I don’t really consider any high-growth stock a slam dunk. I do presume that SiC will continue to grow rapidly for the 3-4 years without much risk, driven by EV traction growth. I do not have a crystal ball as to whether the Aehr system will hold market share, given they have mostly achieved their success so far with ON Semi. ON seems poised to continue to grow at the pace of the overall SiC market, if not faster.

There will be massive investment into this area to lower the cost of SiC test, possibly eliminating burn-in or reducing it to “sample of population” testing. Semiconductor companies know how to continuously attack costs, if nothing else.

This is hardware at the end of the day (mostly) and hardware always evolves quickly. 3-4 years is an eternity in hardware. There is no stickiness.


@MFChips - Well, I too don’t possess a crystal ball, but I have some pretty unique experience which is directly related to this topic.

Several many years ago I wrote the receiving inspection specifications for the commercial airplane group at Boeing. For more than a year I worked closely with the guys who wrote inspection plans for receiving along with their managers and the quality assurance mathematicians for the two assembly plants and the sole fabrication plant. Separately, I reviewed the quality assurance processes that were in place for Jeppesen when Boeing acquired that company. They made maps for just about every pilot in the world, those flying single engine Pipers to commercial airliners. I imagine they still do, though the whole thing has been digitized by now.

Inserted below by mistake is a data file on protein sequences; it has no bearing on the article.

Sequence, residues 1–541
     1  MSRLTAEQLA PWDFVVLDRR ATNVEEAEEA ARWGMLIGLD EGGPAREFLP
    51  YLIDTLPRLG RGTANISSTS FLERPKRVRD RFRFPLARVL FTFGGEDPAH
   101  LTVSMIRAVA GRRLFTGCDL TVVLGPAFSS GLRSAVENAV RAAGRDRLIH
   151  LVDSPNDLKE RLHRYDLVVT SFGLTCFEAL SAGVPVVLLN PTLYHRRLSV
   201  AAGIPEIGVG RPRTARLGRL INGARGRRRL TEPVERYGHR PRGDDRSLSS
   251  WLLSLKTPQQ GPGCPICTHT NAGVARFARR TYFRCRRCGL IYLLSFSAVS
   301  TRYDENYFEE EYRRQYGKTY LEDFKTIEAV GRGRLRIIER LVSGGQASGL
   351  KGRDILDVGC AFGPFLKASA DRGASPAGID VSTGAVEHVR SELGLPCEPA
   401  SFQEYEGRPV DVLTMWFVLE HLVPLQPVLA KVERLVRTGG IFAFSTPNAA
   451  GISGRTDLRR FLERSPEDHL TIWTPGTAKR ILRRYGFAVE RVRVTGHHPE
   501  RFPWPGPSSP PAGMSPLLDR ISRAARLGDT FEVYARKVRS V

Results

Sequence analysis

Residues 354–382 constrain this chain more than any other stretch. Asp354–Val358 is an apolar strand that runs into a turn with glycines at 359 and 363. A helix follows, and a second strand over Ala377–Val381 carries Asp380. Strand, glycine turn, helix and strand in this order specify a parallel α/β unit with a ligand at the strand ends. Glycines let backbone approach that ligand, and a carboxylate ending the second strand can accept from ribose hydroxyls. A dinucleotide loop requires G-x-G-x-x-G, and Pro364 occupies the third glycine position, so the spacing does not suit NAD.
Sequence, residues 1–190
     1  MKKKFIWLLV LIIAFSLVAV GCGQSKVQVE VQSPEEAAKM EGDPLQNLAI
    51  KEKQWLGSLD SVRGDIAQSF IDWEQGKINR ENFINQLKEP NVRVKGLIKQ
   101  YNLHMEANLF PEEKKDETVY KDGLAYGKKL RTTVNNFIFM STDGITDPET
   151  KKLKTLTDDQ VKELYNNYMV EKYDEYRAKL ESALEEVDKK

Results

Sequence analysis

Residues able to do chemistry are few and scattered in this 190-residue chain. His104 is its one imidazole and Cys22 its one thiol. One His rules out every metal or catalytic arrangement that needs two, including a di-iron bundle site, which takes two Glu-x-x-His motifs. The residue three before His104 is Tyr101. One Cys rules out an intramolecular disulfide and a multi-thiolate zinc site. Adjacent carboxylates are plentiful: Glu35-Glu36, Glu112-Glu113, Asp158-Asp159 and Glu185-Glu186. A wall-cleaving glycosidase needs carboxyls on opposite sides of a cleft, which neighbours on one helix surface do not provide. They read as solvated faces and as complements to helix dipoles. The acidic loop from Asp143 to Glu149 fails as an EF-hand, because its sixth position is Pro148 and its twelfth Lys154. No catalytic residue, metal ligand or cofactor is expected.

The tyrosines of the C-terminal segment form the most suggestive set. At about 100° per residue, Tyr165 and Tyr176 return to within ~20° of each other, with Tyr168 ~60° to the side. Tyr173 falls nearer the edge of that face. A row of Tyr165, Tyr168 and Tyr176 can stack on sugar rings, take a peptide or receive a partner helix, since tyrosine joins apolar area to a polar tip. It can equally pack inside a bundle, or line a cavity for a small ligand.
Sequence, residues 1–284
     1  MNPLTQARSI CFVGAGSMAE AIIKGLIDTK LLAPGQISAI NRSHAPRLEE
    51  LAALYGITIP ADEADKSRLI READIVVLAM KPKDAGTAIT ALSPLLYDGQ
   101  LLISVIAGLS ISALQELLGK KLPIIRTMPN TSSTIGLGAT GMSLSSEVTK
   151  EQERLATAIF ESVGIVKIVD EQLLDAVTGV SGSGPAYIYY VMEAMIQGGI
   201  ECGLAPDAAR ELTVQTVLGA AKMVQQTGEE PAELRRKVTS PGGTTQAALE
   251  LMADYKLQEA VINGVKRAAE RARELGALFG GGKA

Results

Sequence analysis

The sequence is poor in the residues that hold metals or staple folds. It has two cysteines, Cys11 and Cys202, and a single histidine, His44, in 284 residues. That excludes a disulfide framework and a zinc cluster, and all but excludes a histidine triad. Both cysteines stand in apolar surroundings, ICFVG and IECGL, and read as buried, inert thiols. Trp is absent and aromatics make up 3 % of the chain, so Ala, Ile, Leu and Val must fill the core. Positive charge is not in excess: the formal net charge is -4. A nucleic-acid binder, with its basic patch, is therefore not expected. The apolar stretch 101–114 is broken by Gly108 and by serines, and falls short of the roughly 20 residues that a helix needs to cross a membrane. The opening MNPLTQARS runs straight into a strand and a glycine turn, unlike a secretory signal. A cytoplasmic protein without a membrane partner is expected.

Admittedly, that was a long time ago, but math doesn’t change. I might be going out on a limb, but based on what I know about inspection and what I’ve read about the quality requirements for SiC (and GaN) semis - in a nutshell, nine nines, or 1 part in a billion maximum failure rate, it seems really unlikely that burn-in testing will get eliminated. Same holds true for sampling as a sampling table for 1:1,000,000,000 doesn’t exist. Well OK, didn’t exist when I was working on this stuff. Yeah, it’s just math, the table could be created, but nine nines would demand a sample size of pretty much the entire population.


I should have referred to “wafer-level burn-in” not “burn-in”. As semiconductor processes mature, the yields dramatically improve. Many Silicon chip applications that used to require burn-in, no longer do and those that do require it, do not do it at the wafer level (and never did). Will SiC for automotive applications always require wafer-level burn-in? That’s an open question. What we do know is that the total cost to manufacture product will continuously be driven down with time. Relentlesly. Yields will vastly improve - relentlessly. And perhaps Aehr’s technology will lead that drive and they can continue to grow and maintain margins for years to come.